The Philadelphia Inquirer
October 31, 2001
bring in elite units
elite troops ready for fight
War With Terror
SARAJ, Afghanistan - Anti-Taliban forces yesterday began moving elite
attack units closer to frontline positions north of Kabul, setting the
stage for a possible assault on the capital's heavily fortified defenses.
are now working on the mobilization of troops, but the exact timing of an
attack is not clear," said Gen. Abdul Rahman, commander of several
frontline units on the Shamali Plain 25 miles north of Kabul.
least 500 attack troops, dressed in new camouflaged winter uniforms from
Iran, were put on public display at military bases to the rear of the
Kabul front line. Rahman said the troops would be held in reserve until
the opposition United Front defense ministry ordered an attack.
at the Pentagon, Defense Secretary Donald H. Rumsfeld said the United
States now was regularly devoting half of its bombing effort to helping
the United Front gear up for advances on the Taliban.
also acknowledged yesterday that U.S. ground troops were in Afghanistan,
"for liaison purposes."
said the defense ministry ordered the United Front's heightened
preparedness 10 days ago. "We have been given an order to be ready to
attack," he said. "That's why we called up these troops."
there was little air of urgency that might suggest an attack is coming
soon. Many of the elite troops called Zarbati, who were driven to the
Shamali Plain from bases near the Tajikistan border, were focusing more on
organizing winter accommodations at rear military bases than preparing
their gear for an infantry assault.
were new artillery or tanks being moved into position behind the front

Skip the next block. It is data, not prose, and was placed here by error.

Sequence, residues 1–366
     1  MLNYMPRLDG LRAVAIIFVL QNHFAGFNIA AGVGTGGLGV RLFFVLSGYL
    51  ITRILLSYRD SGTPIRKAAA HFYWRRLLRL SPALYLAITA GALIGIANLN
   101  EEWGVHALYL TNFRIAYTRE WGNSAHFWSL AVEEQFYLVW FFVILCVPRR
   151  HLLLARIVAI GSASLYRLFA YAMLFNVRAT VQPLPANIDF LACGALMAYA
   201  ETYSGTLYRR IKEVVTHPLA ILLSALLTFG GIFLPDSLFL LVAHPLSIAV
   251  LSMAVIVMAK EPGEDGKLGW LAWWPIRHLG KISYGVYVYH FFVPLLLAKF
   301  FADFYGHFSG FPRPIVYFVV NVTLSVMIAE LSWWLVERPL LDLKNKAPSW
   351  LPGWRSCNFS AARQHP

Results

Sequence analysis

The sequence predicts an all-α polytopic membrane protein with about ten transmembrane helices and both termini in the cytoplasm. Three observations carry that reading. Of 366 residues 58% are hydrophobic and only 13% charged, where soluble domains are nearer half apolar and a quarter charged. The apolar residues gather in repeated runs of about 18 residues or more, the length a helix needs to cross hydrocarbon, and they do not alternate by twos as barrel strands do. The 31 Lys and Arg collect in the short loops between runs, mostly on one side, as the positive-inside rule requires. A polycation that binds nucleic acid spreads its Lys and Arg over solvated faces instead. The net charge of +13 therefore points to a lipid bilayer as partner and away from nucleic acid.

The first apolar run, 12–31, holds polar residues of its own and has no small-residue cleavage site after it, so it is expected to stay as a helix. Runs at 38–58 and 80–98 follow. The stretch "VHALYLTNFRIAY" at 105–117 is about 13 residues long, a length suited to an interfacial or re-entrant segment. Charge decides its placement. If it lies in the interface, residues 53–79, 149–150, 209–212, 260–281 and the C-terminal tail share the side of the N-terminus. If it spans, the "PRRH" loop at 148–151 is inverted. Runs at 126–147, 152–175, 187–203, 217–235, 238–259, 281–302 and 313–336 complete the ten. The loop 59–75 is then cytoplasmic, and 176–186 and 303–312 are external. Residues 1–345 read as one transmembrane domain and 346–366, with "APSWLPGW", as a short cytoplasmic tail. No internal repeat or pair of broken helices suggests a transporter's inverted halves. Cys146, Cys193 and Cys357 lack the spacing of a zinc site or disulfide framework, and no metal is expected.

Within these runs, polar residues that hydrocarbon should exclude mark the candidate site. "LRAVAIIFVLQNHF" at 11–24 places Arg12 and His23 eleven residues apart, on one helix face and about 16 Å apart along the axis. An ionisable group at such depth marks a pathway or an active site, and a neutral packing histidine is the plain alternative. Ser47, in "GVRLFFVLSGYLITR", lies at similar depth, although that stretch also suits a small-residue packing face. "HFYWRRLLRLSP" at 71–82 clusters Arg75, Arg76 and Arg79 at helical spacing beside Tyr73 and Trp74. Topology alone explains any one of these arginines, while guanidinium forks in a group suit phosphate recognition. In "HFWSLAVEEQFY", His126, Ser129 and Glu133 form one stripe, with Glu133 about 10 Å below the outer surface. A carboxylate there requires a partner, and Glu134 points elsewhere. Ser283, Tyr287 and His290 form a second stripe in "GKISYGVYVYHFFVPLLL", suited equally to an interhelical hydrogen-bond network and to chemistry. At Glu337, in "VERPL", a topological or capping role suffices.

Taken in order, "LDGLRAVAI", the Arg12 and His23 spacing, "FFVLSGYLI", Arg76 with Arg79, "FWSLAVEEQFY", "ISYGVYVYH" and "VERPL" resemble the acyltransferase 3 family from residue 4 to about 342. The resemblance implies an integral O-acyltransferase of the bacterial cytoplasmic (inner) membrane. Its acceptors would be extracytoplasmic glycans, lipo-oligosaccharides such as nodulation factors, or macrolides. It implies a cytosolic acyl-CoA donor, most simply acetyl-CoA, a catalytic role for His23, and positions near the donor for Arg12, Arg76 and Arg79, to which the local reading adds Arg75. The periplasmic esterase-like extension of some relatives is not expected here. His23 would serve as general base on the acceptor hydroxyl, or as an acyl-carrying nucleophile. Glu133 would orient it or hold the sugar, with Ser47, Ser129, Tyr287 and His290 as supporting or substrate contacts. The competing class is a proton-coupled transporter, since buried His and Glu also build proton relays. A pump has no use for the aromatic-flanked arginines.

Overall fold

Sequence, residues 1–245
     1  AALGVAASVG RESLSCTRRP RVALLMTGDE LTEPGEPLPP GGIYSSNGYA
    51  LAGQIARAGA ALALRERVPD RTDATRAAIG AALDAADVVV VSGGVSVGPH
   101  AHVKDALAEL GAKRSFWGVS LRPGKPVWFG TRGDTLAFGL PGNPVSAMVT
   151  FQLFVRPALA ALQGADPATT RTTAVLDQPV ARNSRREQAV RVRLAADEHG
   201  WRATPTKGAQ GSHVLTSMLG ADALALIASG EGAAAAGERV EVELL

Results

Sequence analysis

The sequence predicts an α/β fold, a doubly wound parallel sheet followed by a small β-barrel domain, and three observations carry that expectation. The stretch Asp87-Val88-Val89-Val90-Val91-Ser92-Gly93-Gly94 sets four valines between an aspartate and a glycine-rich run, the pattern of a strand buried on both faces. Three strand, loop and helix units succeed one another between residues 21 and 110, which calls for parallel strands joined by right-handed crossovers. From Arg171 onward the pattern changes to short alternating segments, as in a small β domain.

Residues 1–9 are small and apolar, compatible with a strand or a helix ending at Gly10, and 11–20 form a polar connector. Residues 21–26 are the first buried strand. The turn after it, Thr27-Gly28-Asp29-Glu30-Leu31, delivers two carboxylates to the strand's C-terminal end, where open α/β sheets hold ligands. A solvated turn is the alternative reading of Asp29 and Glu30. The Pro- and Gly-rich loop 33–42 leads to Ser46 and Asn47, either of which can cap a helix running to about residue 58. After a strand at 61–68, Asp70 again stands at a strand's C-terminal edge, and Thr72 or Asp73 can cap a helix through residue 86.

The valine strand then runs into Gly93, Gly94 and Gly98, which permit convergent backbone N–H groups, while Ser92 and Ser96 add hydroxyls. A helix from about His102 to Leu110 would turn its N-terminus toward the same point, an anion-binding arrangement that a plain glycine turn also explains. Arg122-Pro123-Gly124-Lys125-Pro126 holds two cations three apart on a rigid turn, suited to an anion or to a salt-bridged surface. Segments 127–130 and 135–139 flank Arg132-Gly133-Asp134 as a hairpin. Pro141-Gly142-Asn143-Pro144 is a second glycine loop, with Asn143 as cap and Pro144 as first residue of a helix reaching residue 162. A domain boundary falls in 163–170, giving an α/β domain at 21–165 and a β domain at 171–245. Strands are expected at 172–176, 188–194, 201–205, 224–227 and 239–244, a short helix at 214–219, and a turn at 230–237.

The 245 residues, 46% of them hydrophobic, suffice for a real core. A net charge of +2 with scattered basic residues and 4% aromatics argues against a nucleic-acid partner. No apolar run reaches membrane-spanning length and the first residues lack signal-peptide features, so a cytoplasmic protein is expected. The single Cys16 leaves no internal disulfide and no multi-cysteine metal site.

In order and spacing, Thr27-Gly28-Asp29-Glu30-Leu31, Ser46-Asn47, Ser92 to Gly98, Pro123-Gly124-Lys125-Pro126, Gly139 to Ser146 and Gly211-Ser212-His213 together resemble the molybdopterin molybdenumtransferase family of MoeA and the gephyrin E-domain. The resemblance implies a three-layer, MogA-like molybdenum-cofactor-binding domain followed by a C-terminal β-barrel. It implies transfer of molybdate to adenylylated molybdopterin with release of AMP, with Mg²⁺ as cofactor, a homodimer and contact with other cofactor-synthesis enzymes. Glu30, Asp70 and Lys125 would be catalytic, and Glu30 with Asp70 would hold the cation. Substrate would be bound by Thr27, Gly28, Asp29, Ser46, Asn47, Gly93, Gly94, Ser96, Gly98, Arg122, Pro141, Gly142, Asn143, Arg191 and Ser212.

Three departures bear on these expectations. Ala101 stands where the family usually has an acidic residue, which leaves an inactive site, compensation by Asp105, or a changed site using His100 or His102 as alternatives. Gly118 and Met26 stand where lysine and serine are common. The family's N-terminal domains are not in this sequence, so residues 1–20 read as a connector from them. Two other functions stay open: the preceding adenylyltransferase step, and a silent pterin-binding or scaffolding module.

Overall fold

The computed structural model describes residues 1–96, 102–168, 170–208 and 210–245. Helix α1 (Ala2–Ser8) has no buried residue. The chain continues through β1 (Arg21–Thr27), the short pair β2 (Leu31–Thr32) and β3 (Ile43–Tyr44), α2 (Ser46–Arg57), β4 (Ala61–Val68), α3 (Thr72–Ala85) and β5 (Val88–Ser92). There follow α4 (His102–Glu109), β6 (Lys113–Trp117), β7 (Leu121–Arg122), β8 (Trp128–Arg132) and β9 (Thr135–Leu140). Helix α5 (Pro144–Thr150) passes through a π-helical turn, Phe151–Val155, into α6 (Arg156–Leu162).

line, the type of deployment necessary to provide heavy bombardments that
would presage an infantry attack.
the presence of the Zarbati, better equipped and more disciplined than the
ragtag local militiamen who defend the front line day to day, sends a
signal that the United Front, also known as the Northern Alliance, is
moving closer to taking the offensive four weeks after the U.S. military
began its air assaults against the Taliban.
are well-trained troops, ready to fight," said Capt. Habib, who uses
only one name. He is the leader of several hundred soldiers who were lined
up in irregular ranks at a base outside Jabal Saraj that looked more like
a junkyard of broken and rusted armor than a military installation. The
troops carried assault rifles, heavy machine guns, and rocket-propelled
the American military assault began Oct. 7, Northern Alliance military
commanders have taken no action on the Kabul front line other than
occasional exchanges of cannon fire with the enemy that are more like
Afghan greeting cards than fighting. Guerrilla officials say there has
been more activity at fronts around cities such as Mazar-e Sharif and
Taloqan, where Taliban defenses are less formidable.
Alliance commanders have complained that the American aerial assaults have
failed to inflict much damage on the Taliban, the fundamentalist Islamic
movement that controls most of Afghanistan. Its forces are buttressed by
Muslim militants from several countries in the region. The Taliban is
shielding Osama bin Laden, chief suspect in last month's terrorist attacks
American bombing was not effective at the front lines until two days
ago," Rahman said. He said a barrage of bombing Saturday virtually
wiped out an encampment of more than 100 "Arabs" loyal to bin
Laden and damaged two tanks and two pickup trucks. His claims could not be
30, echoed the sentiment of other commanders and urged the Americans to
step up the bombing and to coordinate the attacks more closely with the
Northern Alliance ground troops. "It will be more effective if they